The Effects Of Poor Oral Health The Effects Of Poor Oral Health

29 Nov

The Effects Of Poor Oral Health

Most people are aware that poor dental hygiene can lead to tooth decay, gum disease and bad breath. However, not many people are aware of the serious consequences that poor dental hygiene can have on your general health. Over the years, many researchers have taken to investigating health conditions that are affected by poor dental health. Here are two of the most serious illnesses that are linked to oral health:

Alzheimer's disease

In 2013, the University of Central Lancashire investigated the link between Alzheimer’s disease and oral health, by comparing brain samples from 10 people with Alzheimer’s to brain samples of people who did not have the disease. What they discovered was that a bacterium known as “Porphyromonas gingivalis” was only present in the brain samples of people who had Alzheimer’s disease. Porphyromonas gingivalis is associated with chronic gum disease.

Porphyromonas gingivalis can leave the mouth and enter the brain through the bloodstream. This can either be done by moving directly through the blood circulation system, or by crawling up the nerve that connects the brain and the roots of the teeth. Once Porphyromonas gingivalis enters the brain, it damages the functional neurons in the area of the brain related to memory.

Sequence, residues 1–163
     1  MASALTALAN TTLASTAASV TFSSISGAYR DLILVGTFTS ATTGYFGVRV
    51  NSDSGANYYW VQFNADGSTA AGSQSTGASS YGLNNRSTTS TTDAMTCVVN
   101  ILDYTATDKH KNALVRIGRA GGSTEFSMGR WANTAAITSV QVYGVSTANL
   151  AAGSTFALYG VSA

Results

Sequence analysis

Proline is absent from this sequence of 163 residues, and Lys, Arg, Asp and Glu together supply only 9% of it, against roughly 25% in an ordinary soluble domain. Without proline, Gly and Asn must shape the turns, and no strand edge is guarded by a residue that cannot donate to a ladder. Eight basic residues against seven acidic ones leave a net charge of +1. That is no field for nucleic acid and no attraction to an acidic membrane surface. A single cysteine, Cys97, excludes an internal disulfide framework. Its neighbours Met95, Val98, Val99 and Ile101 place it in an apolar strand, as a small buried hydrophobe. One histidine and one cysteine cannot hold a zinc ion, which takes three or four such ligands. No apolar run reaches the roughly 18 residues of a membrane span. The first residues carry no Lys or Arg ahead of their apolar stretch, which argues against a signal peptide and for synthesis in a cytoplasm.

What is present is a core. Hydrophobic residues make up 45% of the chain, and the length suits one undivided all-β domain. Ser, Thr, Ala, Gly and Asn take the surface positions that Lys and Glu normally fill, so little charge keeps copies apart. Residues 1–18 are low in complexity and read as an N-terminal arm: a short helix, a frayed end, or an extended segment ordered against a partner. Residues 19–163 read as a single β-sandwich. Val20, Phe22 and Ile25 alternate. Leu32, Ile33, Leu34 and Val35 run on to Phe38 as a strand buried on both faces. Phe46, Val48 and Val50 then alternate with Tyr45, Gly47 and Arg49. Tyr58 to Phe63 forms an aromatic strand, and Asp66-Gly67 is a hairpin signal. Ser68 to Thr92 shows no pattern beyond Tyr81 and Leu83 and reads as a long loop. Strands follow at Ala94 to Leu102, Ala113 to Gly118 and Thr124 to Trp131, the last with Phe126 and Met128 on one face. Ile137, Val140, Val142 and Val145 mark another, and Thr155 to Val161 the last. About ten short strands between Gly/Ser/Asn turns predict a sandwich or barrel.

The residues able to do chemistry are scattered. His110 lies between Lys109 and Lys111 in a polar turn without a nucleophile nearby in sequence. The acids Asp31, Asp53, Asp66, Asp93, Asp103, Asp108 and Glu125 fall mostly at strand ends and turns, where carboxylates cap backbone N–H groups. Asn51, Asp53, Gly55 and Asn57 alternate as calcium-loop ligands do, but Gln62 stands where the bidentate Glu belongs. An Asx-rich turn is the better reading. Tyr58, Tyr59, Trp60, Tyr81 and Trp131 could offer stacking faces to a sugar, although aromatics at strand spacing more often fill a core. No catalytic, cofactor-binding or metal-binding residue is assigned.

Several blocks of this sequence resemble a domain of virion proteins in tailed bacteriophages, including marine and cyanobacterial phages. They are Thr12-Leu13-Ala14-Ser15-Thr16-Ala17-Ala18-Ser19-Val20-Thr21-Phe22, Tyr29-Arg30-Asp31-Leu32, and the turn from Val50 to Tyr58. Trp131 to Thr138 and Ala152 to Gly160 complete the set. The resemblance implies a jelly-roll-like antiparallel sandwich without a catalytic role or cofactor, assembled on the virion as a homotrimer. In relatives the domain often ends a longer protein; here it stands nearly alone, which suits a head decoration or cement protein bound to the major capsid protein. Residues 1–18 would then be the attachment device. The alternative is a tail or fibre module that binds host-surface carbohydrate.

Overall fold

Pancreatic cancer

Harvard researchers examined 51,000 men starting in 1986. Their research concluded that men with a history of gum disease had a 64% increased risk of pancreatic cancer, when compared to men who had never had gum disease. Men with recent tooth loss were considered to be at an even greater risk of pancreatic cancer.

Although the research was unable to determine whether or not periodontitis bacteria was the cause or result of pancreatic cancer, it has been proven that the two are linked. The study was revisited in 2012, where it concluded that periodontitis bacteria (a bacteria which affects the tissue that support the teeth, causing bone loss around the base of the teeth) is the main gum inflammation associated with pancreatic cancer.

The first steps to protecting yourself and your family from the above-mentioned illnesses, is to brush your teeth twice a day, floss daily, eat a healthy diet with limited snacks between meals, replace your toothbrush every three to four months and schedule a regular dental check-up.

Regular dental check-ups can help to detect any signs of poor nutrition and hygiene, thus allowing the dentist to watch for developments of any oral issues that could affect your overall wellbeing. Contact us for a dentist in Cape Town who can provide you with the peace of mind when it comes to your oral health.

 

 

 

Reference:

Mayo Clinic “What conditions may be linked to oral health?”

http://www.mayoclinic.org/healthy-lifestyle/adult-health/in-depth/dental/art-20047475?pg=2

Delta Dental “Healthy smile, healthy you: The importance of oral health”

https://www.deltadentalins.com/oral_health/dentalhealth.html

Medical News Today “Beyond Tooth Decay: Why Good Dental Hygiene is Important”

http://www.medicalnewstoday.com/articles/283649.php